Scotch College Museum and Archive


John Wilson, in his capacity as the Deputy Chairman of Scotch College Council, recently attended the Grand Opening of Scotch College Museum and Archive.

Rev John Wilson

The Archive display says:

“From the 1830s, Presbyterian churches emerged alongside Scottish immigrants. The Scots coming to Victoria brought with them beliefs and attitudes that helped shape the predominantly Protestant ethos of the colony. They were valued for a high sense of personal and family morals, commitment to education and a love of the gospel of Jesus Christ. Various Presbyterian churches associated in 1859 to form the Presbyterian Church of Victoria (PCV). The PCV continues today and demonstrates its love of God and people by taking the Bible’s message of salvation through Christ to all who will hear, committing itself to education of the young, and reaching out to those in need.”

PCV timeline:

October 1837First Presbyterian service held in the Port Phillip District, by the Rev. James Clow at Geelong
April 1838Commencement of the settled Presbyterian ministry in Melbourne by the Rev. James Forbes, first minister of Scots Church. He does much for church, education and society.
7 April 1859Formation of the Presbyterian Church of Victoria (PCV) with the union of the Church of Scotland, Free Church of Scotland and United Presbyterian Churches. The Rev. James Clow is its inaugural Moderator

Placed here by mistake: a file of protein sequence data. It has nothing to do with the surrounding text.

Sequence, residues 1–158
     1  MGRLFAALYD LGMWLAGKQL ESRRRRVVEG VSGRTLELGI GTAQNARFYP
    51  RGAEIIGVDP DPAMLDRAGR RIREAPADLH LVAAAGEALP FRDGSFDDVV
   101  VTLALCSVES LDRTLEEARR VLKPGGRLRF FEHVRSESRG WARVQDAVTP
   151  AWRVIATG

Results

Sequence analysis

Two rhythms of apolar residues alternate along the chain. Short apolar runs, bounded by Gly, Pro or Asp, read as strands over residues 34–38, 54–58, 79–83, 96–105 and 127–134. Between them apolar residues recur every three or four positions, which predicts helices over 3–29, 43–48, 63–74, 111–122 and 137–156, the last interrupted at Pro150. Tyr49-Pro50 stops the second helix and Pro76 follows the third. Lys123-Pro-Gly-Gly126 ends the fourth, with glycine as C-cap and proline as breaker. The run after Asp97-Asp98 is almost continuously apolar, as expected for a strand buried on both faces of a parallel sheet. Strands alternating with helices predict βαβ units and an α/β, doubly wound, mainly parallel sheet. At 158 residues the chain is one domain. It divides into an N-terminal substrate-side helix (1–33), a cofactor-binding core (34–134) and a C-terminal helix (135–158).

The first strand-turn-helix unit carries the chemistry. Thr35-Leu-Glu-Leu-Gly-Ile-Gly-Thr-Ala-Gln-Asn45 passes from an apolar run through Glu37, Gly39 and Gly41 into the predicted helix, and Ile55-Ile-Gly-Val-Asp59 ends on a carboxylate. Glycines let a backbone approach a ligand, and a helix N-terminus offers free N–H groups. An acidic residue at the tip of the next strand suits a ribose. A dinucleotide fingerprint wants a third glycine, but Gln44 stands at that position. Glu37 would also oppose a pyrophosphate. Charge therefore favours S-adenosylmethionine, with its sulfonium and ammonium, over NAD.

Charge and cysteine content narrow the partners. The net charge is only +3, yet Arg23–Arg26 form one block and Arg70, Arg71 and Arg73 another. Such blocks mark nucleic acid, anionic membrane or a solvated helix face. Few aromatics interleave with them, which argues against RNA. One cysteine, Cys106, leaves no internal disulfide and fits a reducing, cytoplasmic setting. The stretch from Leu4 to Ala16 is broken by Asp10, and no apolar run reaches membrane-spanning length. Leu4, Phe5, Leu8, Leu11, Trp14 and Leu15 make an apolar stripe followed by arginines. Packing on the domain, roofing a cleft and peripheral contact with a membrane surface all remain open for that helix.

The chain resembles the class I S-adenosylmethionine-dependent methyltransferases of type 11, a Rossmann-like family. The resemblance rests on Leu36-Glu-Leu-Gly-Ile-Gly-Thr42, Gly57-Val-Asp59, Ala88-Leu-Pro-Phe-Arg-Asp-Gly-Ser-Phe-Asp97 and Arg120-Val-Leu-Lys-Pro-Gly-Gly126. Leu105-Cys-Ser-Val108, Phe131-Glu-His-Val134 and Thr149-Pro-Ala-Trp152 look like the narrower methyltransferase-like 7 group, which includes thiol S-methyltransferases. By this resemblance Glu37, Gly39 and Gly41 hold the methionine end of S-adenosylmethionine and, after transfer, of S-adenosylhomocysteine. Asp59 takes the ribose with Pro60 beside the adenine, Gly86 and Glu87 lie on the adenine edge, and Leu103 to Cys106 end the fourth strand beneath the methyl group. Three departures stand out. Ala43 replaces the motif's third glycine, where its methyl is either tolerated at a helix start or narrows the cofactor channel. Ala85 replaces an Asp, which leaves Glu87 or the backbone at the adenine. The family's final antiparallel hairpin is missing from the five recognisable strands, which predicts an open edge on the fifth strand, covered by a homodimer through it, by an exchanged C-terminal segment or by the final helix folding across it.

1860Scotch College Committee formed: among the church’s first committees. Rev. Dr Adam Cairns is inaugural chairman
1860s to 1880sMissions Committee begins serving the Aboriginal population, and helping overseas, especially in the New Hebrides and Korea
1875First Presbyterian girls’ school, Presbyterian Ladies’ College (PLC), opens in East Melbourne
24 July 1901All six state Presbyterian Churches form the Presbyterian Church of Australia
1914–18Thirty-three PCV ministers serve God and country in World War I, two dying as chaplains, and one in combat
1928PCV-trained Rev. John Flynn launches the Presbyterian Inland Mission, the precursor of the Royal Flying Doctor Service
1920s to 1930sSocial Services Committee supports Victorians by establishing boys’ and babies’ homes, girls’ hostels, and St Andrew’s Hospital
1939–45Forty PCV ministers serve God and country in World War II. Three chaplains die as prisoners of war, and two ministry candidates are killed in action
1950s to 1970sEducation Committee shows the church’s education priority with nine Victorian Presbyterian schools coming under General Assembly supervision
July 1977PCV remains Presbyterian despite formation of the Uniting Church in Australia. Approximately a quarter of the PCV (70 congregations) remain with the PCV. Scotch and PLC remain with the PCV
1990sPCV strengthens overseas service, with partner church relationships formed with Presbyterians in Malawi, Zambia, Sudan and India
7 April 2009PCV celebrates its 150th anniversary, joined by international visitors from the USA and Africa
2010sPresAid started: a PCV-initiated overseas aid and development fund for churches supporting important projects

The Museum is open to the public from 8:30am to 5:00pm Monday to Friday.